MELISSA BLOCK, host:
From NPR News, this is All Things Considered. I'm Melissa Block.
ROBERT SIEGEL, host:
And I'm Robert Siegel. The federal government's decision to seize control of mortgage giants Fannie Mae and Freddie Mac this weekend has already had at least one positive outcome. Today, mortgage rates plunged. U.S. officials said yesterday that they would place the companies in a kind of conservatorship. They also said the government would invest directly in the companies as a way of keeping them afloat during the current housing downturn. But there are plenty of questions about what will happen once the downturn passes. Here's NPR's Jim Zarroli.
JIM ZARROLI: Fannie Mae and Freddie Mac play a central role in the mortgage market, and federal officials are hoping that the takeover of the companies brings some stability to the battered housing industry. So far they haven't been disappointed. The 30-year fixed mortgage rate fell by half a percentage point. Bill Gross of the bond firm Pimco thinks this could be just what the market needs.
Mr. BILL GROSS (Managing Director, Pimco): This is definitely a positive step on Monday. We'll see what happens going forward. But if the Treasury buys mortgages like they're promising to do, I would think that mortgage rates could come down even lower.
ZARROLI: But the interest rate paid for Treasury bills went up, a sign that investors are nervous about the large debt burden the government is taking on. Throughout the financial markets, there were just as many questions as answers about the future of the two companies. U.S. officials portrayed the takeover as temporary, but they also left no doubt they want a fundamental rethinking of how Fannie and Freddie operate. Among other things, they want to see the companies scale back their huge portfolios of mortgage-backed securities. Christopher Whalen of Institutional Risk Analytics says that by amassing all these securities, the companies have grown richer and more powerful. But he says that Fannie and Freddie typically have to borrow to pay for them.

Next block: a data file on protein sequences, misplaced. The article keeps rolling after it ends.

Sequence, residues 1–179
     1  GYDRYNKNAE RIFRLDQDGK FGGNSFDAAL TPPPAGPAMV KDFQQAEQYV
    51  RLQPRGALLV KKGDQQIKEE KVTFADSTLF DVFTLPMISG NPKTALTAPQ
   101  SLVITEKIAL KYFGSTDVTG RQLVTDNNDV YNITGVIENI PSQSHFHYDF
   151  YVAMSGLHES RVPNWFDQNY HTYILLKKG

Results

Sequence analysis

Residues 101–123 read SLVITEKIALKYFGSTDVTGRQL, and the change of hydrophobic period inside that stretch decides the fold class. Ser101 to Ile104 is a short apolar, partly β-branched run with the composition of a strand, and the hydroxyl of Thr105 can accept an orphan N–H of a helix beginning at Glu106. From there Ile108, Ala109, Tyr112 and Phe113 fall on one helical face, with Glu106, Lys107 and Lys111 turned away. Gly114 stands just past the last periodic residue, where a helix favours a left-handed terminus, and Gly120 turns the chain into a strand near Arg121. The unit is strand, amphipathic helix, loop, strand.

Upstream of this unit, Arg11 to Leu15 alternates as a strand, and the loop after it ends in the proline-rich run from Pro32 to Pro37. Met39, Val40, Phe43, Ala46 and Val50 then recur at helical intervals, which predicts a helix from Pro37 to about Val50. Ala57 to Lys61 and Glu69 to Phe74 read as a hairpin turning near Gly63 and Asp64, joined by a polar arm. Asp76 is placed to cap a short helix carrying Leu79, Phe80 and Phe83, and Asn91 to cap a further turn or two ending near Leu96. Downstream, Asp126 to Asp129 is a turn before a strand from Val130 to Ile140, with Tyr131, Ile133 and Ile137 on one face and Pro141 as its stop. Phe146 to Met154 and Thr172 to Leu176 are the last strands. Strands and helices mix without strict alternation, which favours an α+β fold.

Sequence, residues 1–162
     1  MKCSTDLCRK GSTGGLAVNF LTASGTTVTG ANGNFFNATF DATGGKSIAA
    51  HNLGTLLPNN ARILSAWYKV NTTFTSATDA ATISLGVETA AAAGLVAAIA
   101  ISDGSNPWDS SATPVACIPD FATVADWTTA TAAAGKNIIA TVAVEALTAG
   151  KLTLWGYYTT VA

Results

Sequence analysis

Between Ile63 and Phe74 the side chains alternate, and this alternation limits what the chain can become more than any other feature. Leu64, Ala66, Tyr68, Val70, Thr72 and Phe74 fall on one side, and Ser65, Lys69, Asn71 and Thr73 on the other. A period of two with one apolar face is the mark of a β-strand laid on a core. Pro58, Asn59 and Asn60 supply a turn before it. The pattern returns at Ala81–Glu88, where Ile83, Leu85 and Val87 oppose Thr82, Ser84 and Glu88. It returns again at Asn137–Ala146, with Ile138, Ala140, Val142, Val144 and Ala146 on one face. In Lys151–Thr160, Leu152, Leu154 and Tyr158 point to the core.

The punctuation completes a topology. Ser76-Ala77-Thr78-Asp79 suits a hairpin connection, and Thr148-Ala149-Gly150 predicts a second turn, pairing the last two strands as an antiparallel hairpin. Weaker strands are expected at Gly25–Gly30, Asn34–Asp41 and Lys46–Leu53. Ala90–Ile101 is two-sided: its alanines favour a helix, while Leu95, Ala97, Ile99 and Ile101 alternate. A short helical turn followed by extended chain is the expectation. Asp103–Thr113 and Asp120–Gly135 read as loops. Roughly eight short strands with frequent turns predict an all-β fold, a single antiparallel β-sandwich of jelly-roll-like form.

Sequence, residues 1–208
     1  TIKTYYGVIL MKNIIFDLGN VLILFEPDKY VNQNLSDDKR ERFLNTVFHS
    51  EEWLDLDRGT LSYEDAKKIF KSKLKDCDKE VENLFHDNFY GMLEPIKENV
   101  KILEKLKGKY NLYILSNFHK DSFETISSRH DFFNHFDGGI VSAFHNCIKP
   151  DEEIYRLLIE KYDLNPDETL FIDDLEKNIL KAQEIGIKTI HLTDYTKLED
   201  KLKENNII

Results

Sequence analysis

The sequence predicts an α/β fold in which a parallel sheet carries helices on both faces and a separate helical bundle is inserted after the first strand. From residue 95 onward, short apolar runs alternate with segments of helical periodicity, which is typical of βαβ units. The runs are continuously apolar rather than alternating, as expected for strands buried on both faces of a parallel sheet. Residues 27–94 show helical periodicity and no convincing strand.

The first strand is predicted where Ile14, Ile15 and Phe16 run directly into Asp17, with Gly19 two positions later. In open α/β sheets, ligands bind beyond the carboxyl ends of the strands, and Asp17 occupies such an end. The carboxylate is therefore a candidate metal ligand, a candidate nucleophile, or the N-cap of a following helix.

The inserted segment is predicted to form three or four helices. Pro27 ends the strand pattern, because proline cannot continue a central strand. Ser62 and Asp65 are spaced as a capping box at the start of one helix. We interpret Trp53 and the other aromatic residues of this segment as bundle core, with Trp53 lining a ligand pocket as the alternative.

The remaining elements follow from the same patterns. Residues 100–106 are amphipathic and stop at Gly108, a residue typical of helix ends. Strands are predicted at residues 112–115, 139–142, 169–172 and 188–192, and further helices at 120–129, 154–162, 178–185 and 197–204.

Mr. CHRISTOPHER WHALEN (Managing Director, Institutional Risk Analytics): So they're not adding anything to the marketplace. They're actually competing with private banks and investors for those dollars that they borrow. There's absolutely no purpose to it. It's simply to generate earnings for the public shareholders.
ZARROLI: Whalen says he'd like to see the companies refocus on their original mission of buying mortgages from lenders in an effort to make the housing market more liquid. But Jonathan Koppell who directs the Millstein Center for Corporate Governance at Yale says any effort to alter the size or mission of the companies is bound to face opposition from Democrats in Washington.
Dr. JONATHAN KOPPELL (Director, Millstein Center for Corporate Governance and Performance, Yale): The congressional committees that oversee Fannie Mae and Freddie Mac have made it clear that they have a strong interest in seeing the companies perform this role of extending credit to as many Americans as possible.
ZARROLI: Already today there were some grumblings from Democratic congressional leaders about parts of the Bush administration plan. Senator Christopher Dodd of Connecticut who chairs the Banking Committee was asked what reducing the companies' portfolios might mean for the housing market.
Senator CHRISTOPHER DODD (Democrat, Connecticut; Chairman of the Senate Banking Committee): That's a great question, and it certainly will be one of the top five or six questions that get asked at our hearing. And I've had others in the private sector raise that question this morning already.
ZARROLI: Dodd said the question for Congress is not how big the companies' portfolios are, but how risky. And he says Fannie and Freddie's investments have traditionally been safe. One thing is certain, deciding the companies' future will be a complicated and time-consuming task. Although, the Bush administration has made its preferences clear. The real fate of Fannie and Freddie will probably be in the hands of the next administration. Jim Zarroli, NPR News.
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